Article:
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Interstellar Conflict (Embarkment 2577) Kindle Edition
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|Length: 164 pages||Word Wise: Enabled||Enhanced Typesetting: Enabled|
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Top customer reviews
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By Book #5 Interstellar Conflict, the protagonist had devolved into a self-centered whiner. The first half of this book was devoted to that whining. She’s always angry or sad and crying all the time because her husband, an android soldier she knew was committed to serving when she met him, chooses to stand and fight against aliens that have destroyed his crew and are bent on taking over the Confederacy (aliens the author doesn’t bother to describe at all). The protagonist is upset because her husband won’t run away with her so they won’t be bothered with all this life-threatening stuff. She just wants to live in peace; why won’t her husband just give that to her? Why won’t her husband ever put her needs first? So she continually runs off to be with her father-in-law (with whom she shares a lot of sexual tension) to drink and lick her wounds. She finally agrees to commit herself, reluctantly, to helping her husband once he grovels and apologizes to her satisfaction. With the caveat, of course, that he is on thin ice and this is probably his last chance.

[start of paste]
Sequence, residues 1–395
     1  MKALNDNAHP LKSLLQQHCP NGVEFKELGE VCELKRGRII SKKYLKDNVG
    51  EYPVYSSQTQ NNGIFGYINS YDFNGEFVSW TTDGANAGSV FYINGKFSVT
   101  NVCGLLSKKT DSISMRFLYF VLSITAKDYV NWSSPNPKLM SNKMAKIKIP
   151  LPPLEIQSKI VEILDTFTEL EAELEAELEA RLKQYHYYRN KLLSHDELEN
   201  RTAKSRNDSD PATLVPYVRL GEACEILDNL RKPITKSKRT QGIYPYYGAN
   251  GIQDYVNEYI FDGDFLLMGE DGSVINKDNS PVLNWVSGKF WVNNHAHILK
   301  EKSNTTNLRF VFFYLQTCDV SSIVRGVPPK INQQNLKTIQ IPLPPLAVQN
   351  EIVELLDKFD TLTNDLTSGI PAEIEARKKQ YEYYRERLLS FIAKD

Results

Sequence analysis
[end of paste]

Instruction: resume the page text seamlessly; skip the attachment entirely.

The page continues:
Crikey lady, there’s a war on! So quit worrying about whether or not your husband is sensitive to your needs and just throw in with him! Get your head out of your %$@# and get in the fight! Try being supportive of the man you supposedly love. Fighting the good fight is what he does, and you knew it going in.
I have no patience for this kind of self-involvement, and whining, and crying, and carrying on at all times. I can get that from a celebrity wives show. I’m not saying that every heroine has to be fearless, bitchy and bad-ass. I often like heroines who are portrayed as softer, gentle and kind. But that doesn’t equate to crying and whining about your needs all the time. I do believe the author was trying to present a different spin on this, but for me the takeaway was negative.
I’m giving three stars because I enjoyed the beginning of the series. I know momentum is a hard thing for an author to maintain in a series, so I hate to be so harsh herein, but that’s the purpose of a review. Your heroine needs to grow up.